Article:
Pentagon Wants Inexpensive, Less Complex Ships
PORTSMOUTH, Va. – The Defense Department is placing more emphasis on affordability over capability when it comes to ship procurement, according to a top acquisition official.
“In the ship community, we’re looking at mass," said Katrina McFarland, assistant secretary of defense for acquisition. “We are looking at numbers, quantities.”
It is counterproductive to build ships with a multitude of “Swiss army knife” capabilities if the cost severely limits the amount of vessels the military can purchase, she said Oct. 27 at a National Defense Industrial Association expeditionary warfare conference in Portsmouth, Virginia.
“If I can only buy and afford one great Swiss army knife … [I can’t put it] in three places at the same time,” she said. “So I have to have scalable capability.”
McFarland’s remarks come at a time when some officials worry that the U.S. Navy is too small, and high-profile shipbuilding programs have run into trouble.
The Pentagon is also concerned about cost ratios when it comes to defeating enemy threats. Electronic warfare, long range air-to-air missiles, counter-space capabilities, undersea warfare and cyber are all areas where potential adversaries are making technological advances, McFarland said.
“We’re looking at how to build low-cost options” as we advance our own capabilities, she said. “I’m trying to put the burden of cost on my adversaries.”
The Navy’s pursuit of an electromagnetic railgun — which could potentially be used to shoot down enemy missiles or aircraft at a cost of $25,000 per firing — is an example of this effort, she noted.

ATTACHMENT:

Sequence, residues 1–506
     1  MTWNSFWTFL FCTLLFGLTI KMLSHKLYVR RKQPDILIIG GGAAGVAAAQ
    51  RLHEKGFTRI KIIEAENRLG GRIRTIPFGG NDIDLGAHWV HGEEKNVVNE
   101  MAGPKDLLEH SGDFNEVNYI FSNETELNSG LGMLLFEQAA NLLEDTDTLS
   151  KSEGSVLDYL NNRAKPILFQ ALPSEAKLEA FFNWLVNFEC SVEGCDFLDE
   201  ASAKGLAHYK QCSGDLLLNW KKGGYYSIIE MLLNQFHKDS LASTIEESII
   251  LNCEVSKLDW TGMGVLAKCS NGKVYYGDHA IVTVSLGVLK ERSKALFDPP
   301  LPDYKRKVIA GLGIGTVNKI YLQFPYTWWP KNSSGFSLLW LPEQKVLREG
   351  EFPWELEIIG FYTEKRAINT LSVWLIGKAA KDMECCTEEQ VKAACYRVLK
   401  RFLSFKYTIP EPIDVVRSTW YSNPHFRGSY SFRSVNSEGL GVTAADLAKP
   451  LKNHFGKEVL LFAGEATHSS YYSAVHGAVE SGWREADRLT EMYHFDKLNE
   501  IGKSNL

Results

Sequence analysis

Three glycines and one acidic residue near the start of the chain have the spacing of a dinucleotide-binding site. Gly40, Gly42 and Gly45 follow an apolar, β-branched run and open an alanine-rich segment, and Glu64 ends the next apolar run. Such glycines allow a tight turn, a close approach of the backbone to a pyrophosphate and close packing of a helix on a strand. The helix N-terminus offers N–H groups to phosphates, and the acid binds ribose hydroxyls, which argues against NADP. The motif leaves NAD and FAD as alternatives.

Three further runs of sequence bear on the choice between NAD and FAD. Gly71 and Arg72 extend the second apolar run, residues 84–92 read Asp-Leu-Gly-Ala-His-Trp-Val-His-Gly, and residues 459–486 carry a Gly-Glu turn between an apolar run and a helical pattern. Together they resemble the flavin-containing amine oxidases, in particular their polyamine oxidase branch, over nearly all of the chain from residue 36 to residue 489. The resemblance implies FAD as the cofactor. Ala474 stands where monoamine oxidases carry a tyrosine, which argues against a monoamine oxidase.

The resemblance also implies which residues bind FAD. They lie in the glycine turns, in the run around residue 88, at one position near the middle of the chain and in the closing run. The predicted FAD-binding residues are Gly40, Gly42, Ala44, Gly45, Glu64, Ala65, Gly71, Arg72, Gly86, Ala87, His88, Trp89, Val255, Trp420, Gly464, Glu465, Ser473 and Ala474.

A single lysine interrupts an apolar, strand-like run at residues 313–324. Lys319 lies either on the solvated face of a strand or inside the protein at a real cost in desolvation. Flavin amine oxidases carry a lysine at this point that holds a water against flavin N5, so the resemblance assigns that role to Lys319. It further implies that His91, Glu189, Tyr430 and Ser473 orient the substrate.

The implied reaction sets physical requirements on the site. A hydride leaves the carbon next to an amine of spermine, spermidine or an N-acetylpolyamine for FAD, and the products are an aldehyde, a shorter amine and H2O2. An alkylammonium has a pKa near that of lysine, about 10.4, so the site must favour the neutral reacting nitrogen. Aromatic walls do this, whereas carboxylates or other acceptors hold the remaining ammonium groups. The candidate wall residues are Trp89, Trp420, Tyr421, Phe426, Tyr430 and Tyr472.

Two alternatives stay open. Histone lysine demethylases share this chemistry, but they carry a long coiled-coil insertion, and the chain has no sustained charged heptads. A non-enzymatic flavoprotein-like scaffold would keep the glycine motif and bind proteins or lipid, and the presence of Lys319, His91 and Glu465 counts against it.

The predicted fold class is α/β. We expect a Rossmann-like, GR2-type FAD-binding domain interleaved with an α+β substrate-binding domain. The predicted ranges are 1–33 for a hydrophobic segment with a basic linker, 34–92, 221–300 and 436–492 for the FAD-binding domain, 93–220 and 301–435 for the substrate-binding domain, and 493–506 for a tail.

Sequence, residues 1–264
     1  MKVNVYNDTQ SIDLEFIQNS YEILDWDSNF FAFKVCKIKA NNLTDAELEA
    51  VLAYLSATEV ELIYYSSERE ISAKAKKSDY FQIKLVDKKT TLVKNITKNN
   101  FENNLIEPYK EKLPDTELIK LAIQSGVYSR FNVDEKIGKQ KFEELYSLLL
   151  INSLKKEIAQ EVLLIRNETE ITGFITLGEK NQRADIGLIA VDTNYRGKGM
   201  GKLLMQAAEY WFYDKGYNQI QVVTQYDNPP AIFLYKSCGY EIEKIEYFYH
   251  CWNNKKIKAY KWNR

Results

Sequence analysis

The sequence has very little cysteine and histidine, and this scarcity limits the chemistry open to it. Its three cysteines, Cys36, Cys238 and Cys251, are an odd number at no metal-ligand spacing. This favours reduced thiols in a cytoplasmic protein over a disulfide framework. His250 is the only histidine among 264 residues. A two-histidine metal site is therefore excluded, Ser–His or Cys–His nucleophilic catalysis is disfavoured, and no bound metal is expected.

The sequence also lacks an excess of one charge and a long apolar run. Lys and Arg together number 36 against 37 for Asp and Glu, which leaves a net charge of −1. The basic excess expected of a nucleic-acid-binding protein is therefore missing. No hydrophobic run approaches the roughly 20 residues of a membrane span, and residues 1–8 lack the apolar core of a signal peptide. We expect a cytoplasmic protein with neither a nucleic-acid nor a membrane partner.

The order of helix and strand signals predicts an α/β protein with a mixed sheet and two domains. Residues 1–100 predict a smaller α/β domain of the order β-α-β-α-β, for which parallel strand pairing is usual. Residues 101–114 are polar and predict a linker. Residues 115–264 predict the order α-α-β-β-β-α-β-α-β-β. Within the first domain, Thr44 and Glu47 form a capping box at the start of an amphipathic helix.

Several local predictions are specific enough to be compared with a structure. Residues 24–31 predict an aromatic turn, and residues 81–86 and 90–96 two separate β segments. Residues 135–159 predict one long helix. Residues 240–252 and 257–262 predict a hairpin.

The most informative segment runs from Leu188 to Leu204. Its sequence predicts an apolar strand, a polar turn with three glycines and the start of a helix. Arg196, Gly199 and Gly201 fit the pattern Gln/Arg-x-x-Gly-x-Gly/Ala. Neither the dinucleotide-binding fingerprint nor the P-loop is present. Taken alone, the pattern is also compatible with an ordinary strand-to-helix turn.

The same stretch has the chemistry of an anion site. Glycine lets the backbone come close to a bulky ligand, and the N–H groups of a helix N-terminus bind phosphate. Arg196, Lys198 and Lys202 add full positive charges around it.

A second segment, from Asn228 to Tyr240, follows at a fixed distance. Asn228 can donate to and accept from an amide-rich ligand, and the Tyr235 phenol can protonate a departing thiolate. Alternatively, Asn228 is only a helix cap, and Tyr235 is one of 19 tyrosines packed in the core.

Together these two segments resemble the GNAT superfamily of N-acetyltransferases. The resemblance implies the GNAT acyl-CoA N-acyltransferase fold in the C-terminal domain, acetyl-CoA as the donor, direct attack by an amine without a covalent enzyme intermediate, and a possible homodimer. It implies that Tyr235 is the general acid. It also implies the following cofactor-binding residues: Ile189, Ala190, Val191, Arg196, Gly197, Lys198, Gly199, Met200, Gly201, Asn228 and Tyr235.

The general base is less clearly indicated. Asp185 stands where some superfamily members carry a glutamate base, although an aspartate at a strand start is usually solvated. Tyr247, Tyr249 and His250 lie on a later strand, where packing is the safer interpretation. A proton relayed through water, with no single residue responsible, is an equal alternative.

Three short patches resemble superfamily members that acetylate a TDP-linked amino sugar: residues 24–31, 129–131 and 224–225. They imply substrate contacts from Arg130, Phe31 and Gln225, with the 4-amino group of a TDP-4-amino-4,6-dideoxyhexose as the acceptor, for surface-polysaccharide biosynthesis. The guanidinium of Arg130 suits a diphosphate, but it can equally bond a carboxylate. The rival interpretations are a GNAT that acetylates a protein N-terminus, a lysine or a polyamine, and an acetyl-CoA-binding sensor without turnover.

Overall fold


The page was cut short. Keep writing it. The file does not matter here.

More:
“Railgun is cheap [to operate] but it’s expensive to defend against,” McFarland said.
The Defense Department needs to acquire new technologies but “I want to do it in a manner in which I create the cost imposition on my adversaries,” she told members of industry. “You need to come in with thoughts along those lines.”
McFarland defended a recent, controversial proposal to put defense contractors’ internal research and development (IRAD) spending under greater Pentagon scrutiny. The government subsidizes those investments through reimbursements, she noted, to the tune of billions of dollars each year.
“That is a significant bill the public is paying and we’re very interested to make sure that those dollars are being spent on things that … have an outcome for our long-term national security purposes or industrial proposes,” McFarland said.
“What we’re seeing … is that we do not have an alignment between government and industry,” she added.
The Defense Department wants greater situational awareness of these investments, not bureaucratic control over them, she said.
“We’re not looking for [a requirement for us to say], ‘I approve your IRAD,’” McFarland said. “We’re looking for [the opportunity to say], ‘Hey that makes sense, it’s in alignment’” with our goals.
The office of the secretary of defense has tasked the services to come up with a mechanism to improve communication and reporting between industry and the Pentagon when it comes to contractors’ internal research and development, she said.